Hard-Boiled Wonderland and the End of the World

I love this book, and can’t wait to re-read it soon. I’ll even try to force the book on some of my friends, just so I can talk about it. Hard-Boiled Wonderland and the End of the World is written with two separate narratives, seemingly un-related at first, that keep converging as the book progresses. One set in a futuristic Tokyo, smack in the middle of some information wars. The other set in a peaceful little walled-in town at the end of the world. I can’t explain it without giving away the whole story, so I’m not gonna. I love the characters in this book. Murakami employs one particular style of writing that I just adore—not giving us any character names at all. The narrator’s just the narrator, the librarian is just the librarian and the gatekeeper’s just the gatekeeper. People are their roles. Haruki Murakami seems like a wonderful author. Will get more of his books as soon as humanly possible. He keeps inserting little pop-culture tid-bits into the story, which would almost be annoying if he weren’t so good at it. Here’s one example:
“Say, isn’t that Bob Dylan you have on?” “Right. Positively 4th Street.” “I can tell Bob Dylan in an instant,” she said. “Because his harmonica’s worse than Stevie Wonder’s?” She laughed again. Nice to know I could still make someone laugh. “No, I really like his voice,” she said, “It’s like a kid standing at the window watching the rain.”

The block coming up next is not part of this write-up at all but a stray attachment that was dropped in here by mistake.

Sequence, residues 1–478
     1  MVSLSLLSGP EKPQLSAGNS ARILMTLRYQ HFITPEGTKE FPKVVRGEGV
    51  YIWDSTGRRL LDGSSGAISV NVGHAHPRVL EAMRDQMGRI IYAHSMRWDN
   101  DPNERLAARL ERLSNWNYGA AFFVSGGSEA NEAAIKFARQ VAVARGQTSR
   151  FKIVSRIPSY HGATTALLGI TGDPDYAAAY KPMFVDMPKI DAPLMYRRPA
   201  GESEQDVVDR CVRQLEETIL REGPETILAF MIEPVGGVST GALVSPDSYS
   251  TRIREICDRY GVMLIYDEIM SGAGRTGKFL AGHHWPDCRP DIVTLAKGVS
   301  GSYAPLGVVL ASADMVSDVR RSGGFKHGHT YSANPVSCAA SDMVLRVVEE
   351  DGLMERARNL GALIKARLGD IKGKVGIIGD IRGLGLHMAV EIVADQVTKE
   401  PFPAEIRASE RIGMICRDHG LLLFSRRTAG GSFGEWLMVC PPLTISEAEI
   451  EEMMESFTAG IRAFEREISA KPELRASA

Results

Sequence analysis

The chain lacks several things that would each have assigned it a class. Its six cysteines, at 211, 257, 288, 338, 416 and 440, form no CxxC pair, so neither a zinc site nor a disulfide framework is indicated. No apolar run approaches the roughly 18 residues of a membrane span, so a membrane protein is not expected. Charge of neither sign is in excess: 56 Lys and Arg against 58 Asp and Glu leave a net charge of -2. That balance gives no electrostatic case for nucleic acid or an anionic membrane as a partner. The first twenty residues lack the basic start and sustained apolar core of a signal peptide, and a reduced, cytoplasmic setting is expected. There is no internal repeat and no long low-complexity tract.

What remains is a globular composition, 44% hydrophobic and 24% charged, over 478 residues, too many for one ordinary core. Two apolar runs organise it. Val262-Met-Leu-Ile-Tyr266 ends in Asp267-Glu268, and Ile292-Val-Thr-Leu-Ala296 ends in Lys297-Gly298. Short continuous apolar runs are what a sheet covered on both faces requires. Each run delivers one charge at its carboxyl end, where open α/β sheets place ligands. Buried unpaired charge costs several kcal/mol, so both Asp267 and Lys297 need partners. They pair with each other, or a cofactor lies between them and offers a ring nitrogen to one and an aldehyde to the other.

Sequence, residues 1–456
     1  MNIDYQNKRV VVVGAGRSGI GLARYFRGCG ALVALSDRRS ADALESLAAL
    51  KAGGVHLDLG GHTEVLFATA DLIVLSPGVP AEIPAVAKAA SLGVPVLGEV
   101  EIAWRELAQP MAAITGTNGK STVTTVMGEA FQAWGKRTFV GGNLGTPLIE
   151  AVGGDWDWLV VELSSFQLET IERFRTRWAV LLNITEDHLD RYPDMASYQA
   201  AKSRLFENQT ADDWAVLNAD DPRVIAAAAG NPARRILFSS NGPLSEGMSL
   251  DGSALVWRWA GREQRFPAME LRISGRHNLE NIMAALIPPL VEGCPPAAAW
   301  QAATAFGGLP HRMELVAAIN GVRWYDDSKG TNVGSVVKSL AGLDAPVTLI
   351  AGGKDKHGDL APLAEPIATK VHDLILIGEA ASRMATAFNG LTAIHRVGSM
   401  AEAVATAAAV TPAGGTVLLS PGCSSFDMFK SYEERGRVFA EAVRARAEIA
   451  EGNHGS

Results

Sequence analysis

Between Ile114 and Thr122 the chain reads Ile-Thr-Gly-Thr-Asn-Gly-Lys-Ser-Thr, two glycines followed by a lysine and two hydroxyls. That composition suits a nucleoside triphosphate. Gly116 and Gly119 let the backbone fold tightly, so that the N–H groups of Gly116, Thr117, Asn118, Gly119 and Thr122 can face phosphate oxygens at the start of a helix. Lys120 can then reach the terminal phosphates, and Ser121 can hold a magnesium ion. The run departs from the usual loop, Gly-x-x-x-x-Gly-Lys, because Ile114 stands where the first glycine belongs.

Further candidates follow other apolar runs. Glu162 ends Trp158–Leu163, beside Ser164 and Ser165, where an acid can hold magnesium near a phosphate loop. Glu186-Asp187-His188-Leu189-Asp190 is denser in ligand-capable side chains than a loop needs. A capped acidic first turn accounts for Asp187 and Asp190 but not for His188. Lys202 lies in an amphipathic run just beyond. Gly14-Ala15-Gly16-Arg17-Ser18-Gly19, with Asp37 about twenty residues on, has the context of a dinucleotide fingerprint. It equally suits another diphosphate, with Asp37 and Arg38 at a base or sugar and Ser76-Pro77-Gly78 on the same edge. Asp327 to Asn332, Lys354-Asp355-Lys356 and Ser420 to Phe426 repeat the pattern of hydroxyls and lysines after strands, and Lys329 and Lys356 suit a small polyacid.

How can’t you love writing like that? Especially when you (almost) feel the same way. The thing I love most about Dylan is his voice. Everyone gets drawn into his songs due to his amazing lyrics at first, and almost no body likes his singing initially. After some time though, once you get used to him, even a chorus of angels won’t be a match for his voice. It’s got that warm quality that draws you in, if you know what I mean. Here’s another similar conversation:
“Ever read The Brothers Karamazov?” I asked. “Once, a long time ago.” “Well, toward the end, Alyosha is speaking to a young student named Kolya Krasotkin. And he says, ‘Kolya, you’re going to have a miserable future. But overall, you’ll have a happy life.’ I first read that, I didn’t know what Alyosha meant,” I said. “How was it possible for a life of misery to be happy overall? But then I understood, that misery could be limited to the future.”
Seems like I keep finding references to The Brothers Karamazov in every other book I read. The second-hand copy I picked up on the streets is missing a few pages, so I haven’t gone around to reading it yet. Maybe I should get another copy.

Comments (3)